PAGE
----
7.  How will you set up the lab stations and/or the supply area?  An effective and meaningful lab runs like clockwork.  Identify the traffic flow problems beforehand and set up the supply areas in a way that reduces student traffic jams. You may decide that each lab station should be supplied with every item needed for the experiment, or it may work better to have a general supply area that students go to for the items they need.  No two labs are the same.  Identify the best solution for each lab.

Once steps 3 - 7 have been checked off, you are ready to take the kids to the lab.  The following items on the checklist will ensure that your lab activity is a huge success!

8.  Provide the students with written instructions.  Students must receive lab handouts that clearly identify the safety precautions and the exact procedure for the experiment. Giving oral instructions that reinforce the information on the lab handout is okay, great even.  Giving oral instructions instead of providing a lab handout?  NOT okay.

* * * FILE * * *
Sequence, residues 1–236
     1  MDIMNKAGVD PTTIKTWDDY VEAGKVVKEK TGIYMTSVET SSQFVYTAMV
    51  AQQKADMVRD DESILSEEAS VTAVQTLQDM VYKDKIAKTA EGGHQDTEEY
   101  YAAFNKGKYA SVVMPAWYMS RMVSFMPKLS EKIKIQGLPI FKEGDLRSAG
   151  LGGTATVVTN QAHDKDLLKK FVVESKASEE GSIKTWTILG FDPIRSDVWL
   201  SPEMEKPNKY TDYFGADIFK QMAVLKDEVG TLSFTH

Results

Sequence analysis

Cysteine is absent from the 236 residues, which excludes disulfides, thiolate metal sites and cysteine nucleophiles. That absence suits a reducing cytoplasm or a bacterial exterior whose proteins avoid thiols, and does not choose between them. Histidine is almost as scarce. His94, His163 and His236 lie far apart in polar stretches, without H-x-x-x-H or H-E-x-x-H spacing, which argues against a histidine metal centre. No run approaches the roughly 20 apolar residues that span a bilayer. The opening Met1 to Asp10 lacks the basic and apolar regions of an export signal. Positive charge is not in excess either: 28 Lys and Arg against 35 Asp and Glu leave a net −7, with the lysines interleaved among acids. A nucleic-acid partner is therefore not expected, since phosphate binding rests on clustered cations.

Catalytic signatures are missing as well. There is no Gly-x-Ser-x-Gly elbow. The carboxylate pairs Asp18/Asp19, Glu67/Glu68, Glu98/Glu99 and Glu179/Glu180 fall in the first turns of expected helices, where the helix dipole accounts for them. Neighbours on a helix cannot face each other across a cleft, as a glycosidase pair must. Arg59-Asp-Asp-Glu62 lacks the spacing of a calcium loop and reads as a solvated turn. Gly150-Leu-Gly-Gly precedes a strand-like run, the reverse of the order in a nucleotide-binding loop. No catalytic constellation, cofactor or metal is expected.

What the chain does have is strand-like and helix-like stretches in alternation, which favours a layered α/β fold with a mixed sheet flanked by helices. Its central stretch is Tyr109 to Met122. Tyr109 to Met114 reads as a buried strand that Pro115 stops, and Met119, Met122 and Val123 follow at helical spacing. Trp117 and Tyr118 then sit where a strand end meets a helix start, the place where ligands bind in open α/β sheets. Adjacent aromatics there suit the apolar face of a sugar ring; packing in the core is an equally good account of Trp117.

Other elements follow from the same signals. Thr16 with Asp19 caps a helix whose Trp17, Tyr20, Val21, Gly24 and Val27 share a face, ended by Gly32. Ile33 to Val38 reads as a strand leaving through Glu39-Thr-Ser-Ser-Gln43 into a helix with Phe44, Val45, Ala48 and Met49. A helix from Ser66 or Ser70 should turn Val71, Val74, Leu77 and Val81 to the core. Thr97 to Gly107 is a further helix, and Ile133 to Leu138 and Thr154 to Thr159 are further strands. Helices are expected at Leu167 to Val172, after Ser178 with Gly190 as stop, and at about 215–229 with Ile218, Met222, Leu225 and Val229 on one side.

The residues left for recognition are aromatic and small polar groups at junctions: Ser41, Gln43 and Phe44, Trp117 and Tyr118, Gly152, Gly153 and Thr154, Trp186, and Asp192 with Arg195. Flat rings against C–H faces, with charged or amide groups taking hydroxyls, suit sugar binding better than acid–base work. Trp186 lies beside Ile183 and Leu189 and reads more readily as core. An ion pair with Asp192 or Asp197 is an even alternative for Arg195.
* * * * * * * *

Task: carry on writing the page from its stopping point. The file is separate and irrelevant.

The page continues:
9.  Always schedule pre-lab time. During the pre-lab time, provide the students with the lab handouts they will be using during the lab.  Go over your expectations for the lab, and explain what is to be accomplished by doing the lab.  You may want to use a "Pre-Lab Worksheet" as a homework assignment so that students will be prepared on lab day.  Review the lab safety rules for each and every lab!

10.  How will you group the students?  There is no correct answer to this question.  Should you allow the students to choose their own partners?  Should you place students in groups of YOUR choosing?  Should you have groups of 2 or 4?  Every lab is different.  You know your students and you know what you can expect from them.  One class may be mature enough to allow you to let the students choose their own partner, while this would never work in another class.  I sometimes allow students to choose their own groups, but I most often choose the student groups myself.  At the beginning of the school year I place the name of each student on an index card.  Prior to the lab activity I place these index cards at the lab stations.  As the students enter the room they look for their card.  This allows me to quickly and easily place students in lab groups.  Life lessons are also learned by having students work in a different group each lab period.